Sometimes it’s fine to read books that are only ‘fine.’ Reading Save the Date in the summertime.

indexI like Jen Doll’s writing a great deal. When the wonderful Richard Lawson left Gawker for the Atlantic Wire my reading habits followed him and Doll is one of the writers I discovered as a result of my Lawson fangirl-dom. She covered the entertainment and gossip beat for the blog and would occasionally co-author pieces with Lawson. Her writing was (and is) fresh and funny and smart and I continued to read her work after Lawson decamped for Vanity Fair.  Blogs and Twitter have the strange effect of making me feel as though I really know these people who I follow on social media so when I came across All The Single Ladies, an excerpt from Jen Doll’s forthcoming memoir in the New York Times in March, I was dead chuffed for her.

Save the Date is Doll’s debut book and it came out with the full force of the publisher’s marketing machine behind it this summer. After a week of alternating between 1Q84 and Every Day is for the Thief I decided I needed something lighter so I finally picked up Doll’s book.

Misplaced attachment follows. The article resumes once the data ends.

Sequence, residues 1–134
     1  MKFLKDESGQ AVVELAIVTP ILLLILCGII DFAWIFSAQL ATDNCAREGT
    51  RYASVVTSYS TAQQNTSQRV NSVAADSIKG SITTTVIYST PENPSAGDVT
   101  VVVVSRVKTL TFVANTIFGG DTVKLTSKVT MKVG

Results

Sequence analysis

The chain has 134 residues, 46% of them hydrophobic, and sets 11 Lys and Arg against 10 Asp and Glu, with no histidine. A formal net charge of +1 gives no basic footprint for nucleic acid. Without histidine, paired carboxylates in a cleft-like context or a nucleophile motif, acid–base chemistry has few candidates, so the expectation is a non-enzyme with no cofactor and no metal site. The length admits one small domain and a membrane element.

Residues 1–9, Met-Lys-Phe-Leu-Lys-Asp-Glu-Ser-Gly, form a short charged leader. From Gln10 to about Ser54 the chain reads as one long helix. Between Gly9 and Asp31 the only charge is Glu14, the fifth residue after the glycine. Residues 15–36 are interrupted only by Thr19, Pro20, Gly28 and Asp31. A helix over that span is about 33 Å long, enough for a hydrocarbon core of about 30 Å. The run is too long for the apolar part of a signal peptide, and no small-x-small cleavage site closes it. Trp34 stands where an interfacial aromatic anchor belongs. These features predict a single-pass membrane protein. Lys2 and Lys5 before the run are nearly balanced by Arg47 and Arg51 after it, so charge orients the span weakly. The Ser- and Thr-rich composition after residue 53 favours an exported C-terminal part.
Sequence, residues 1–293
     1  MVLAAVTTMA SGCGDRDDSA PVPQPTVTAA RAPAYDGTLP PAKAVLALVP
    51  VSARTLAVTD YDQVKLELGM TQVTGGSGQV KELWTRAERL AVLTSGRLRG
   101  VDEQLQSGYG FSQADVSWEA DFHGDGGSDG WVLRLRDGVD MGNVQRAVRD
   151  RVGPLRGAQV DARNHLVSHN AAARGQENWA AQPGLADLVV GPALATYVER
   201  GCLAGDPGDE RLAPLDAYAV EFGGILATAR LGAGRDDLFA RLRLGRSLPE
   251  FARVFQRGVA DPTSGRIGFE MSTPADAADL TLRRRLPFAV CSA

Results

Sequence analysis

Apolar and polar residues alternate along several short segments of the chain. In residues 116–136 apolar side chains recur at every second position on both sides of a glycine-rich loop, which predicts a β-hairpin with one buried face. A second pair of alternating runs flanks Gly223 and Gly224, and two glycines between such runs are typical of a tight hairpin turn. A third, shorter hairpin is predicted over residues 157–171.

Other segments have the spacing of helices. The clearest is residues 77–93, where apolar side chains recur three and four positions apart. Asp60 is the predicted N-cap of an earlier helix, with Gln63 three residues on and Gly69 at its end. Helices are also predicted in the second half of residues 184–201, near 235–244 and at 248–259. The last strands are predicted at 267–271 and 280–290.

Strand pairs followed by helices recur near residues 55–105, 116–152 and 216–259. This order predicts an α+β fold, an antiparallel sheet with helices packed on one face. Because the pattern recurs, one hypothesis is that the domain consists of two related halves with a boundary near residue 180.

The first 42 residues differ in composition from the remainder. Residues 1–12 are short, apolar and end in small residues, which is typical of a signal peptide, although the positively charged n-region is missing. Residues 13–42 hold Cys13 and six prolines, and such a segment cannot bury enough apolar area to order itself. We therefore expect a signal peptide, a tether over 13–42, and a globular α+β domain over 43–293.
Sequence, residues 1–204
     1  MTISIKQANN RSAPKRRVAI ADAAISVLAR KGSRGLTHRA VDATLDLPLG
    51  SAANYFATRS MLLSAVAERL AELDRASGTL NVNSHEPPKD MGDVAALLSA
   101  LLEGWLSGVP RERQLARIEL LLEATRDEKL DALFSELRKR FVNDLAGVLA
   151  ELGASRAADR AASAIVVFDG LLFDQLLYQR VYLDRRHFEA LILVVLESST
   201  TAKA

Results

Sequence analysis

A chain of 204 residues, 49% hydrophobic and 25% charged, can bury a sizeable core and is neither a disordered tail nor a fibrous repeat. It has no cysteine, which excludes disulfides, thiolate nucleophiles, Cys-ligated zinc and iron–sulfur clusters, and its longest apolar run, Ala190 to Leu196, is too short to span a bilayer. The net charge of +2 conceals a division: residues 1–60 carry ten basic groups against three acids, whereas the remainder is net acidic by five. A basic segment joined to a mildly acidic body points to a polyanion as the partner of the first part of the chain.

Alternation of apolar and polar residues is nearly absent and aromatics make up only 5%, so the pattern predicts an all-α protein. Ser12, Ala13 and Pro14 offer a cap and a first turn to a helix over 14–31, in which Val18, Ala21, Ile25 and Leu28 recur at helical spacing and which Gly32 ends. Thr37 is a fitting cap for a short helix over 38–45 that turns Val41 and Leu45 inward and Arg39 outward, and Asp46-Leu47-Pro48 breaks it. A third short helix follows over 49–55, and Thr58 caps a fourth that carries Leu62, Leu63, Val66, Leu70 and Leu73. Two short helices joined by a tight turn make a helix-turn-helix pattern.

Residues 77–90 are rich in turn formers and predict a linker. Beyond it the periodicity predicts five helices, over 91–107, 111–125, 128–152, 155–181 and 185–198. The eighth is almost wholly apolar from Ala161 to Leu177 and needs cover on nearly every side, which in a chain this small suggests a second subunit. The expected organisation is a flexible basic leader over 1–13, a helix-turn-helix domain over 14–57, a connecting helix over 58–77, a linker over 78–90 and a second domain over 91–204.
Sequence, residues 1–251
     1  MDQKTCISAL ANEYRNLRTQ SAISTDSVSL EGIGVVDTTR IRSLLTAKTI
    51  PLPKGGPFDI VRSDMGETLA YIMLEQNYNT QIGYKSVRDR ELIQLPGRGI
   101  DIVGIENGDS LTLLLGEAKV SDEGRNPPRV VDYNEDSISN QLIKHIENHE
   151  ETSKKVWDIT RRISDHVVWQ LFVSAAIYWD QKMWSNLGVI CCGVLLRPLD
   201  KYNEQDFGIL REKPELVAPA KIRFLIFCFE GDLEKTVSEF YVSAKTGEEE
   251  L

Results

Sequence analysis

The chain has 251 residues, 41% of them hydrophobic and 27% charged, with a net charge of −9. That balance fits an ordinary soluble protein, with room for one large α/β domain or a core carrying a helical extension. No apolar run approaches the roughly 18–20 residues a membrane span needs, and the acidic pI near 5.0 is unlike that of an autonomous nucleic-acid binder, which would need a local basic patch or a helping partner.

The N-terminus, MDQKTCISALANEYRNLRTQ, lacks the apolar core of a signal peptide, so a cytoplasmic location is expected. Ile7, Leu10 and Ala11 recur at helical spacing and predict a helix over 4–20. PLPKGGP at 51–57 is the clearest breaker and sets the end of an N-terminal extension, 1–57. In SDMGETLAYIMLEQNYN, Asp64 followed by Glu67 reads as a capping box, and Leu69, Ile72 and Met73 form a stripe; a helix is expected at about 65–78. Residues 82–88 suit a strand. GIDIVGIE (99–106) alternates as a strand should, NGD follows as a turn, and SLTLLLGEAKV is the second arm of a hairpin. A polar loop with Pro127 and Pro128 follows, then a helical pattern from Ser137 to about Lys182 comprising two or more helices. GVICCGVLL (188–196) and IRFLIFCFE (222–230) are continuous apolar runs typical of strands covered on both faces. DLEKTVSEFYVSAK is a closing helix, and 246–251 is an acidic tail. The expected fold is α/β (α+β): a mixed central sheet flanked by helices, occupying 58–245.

Save the Date is strong in places, particularly in its opening essay. Overall though, it lacks the spark that makes Doll’s shorter-form work so fun to read. Maybe, as suggested in the New York Times review, this is because Doll is trying to spare the feelings of the friends whose weddings she is chronicling. Or maybe it’s hard to fill 321 pages with great wedding anecdotes. I like the book best when Doll is being honest about her warts, as when she is the sloppy drunk-crying girl being tucked into a cab outside of the wedding’s after-party. Other times, like when she is chronicling the end of a long-term relationship, it seems like she is trying too hard to fit her story into the wedding rubric she has set for herself.

If you caught me on a catty I’m-hungry-but-lunch-is-still-two-hours-away-and-my-hair-has-fallen-totally-flat day I might suggest that Doll’s book proposal wouldn’t have made it past a publishing house intern if not for the profile afforded by her blogging background. But that’s not true. I’m only suggesting it because I ate breakfast too early and am disappointed with how my blow-out is holding up. If you’re familiar with Doll’s writing you might miss some of her humor and personality but you’ll still find Save the Date to be satisfying summertime snack food, particularly if you’re only noshing on it between heavier meals.

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